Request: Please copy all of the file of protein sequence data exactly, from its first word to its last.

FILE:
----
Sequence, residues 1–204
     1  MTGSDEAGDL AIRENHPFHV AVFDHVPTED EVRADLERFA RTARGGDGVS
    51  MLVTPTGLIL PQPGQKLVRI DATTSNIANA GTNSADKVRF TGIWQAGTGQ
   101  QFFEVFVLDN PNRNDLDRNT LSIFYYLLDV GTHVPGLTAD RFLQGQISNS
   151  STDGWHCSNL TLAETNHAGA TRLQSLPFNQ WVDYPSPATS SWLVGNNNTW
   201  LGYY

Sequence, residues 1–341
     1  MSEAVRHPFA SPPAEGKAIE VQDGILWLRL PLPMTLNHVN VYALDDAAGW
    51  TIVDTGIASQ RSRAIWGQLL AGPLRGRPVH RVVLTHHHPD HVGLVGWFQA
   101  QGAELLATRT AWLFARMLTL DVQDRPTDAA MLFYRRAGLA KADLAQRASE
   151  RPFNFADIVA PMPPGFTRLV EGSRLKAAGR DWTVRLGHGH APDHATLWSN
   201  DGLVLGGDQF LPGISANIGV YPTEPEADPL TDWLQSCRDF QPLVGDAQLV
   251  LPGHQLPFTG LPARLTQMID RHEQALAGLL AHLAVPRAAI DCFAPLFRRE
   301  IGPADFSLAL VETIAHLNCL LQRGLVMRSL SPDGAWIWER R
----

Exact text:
Sequence, residues 1–204
     1  MTGSDEAGDL AIRENHPFHV AVFDHVPTED EVRADLERFA RTARGGDGVS
    51  MLVTPTGLIL PQPGQKLVRI DATTSNIANA GTNSADKVRF TGIWQAGTGQ
   101  QFFEVFVLDN PNRNDLDRNT LSIFYYLLDV GTHVPGLTAD RFLQGQISNS
   151  STDGWHCSNL TLAETNHAGA TRLQSLPFNQ WVDYPSPATS SWLVGNNNTW
   201  LGYY

Sequence, residues 1–341
     1  MSEAVRHPFA SPPAEGKAIE VQDGILWLRL PLPMTLNHVN VYALDDAAGW
    51  TIVDTGIASQ RSRAIWGQLL AGPLRGRPVH RVVLTHHHPD HVGLVGWFQA
   101  QGAELLATRT AWLFARMLTL DVQDRPTDAA MLFYRRAGLA KADLAQRASE
   151  RPFNFADIVA PMPPGFTRLV EGSRLKAAGR DWTVRLGHGH APDHATLWSN
   201  DGLVLGGDQF LPGISANIGV YPTEPEADPL TDWLQSCRDF QPLVGDAQLV
   251  LPGHQLPFTG LPARLTQMID RHEQALAGLL AHLAVPRAAI DCFAPLFRRE
   301  IGPADFSLAL VETIAHLNCL LQRGLVMRSL SPDGAWIWER R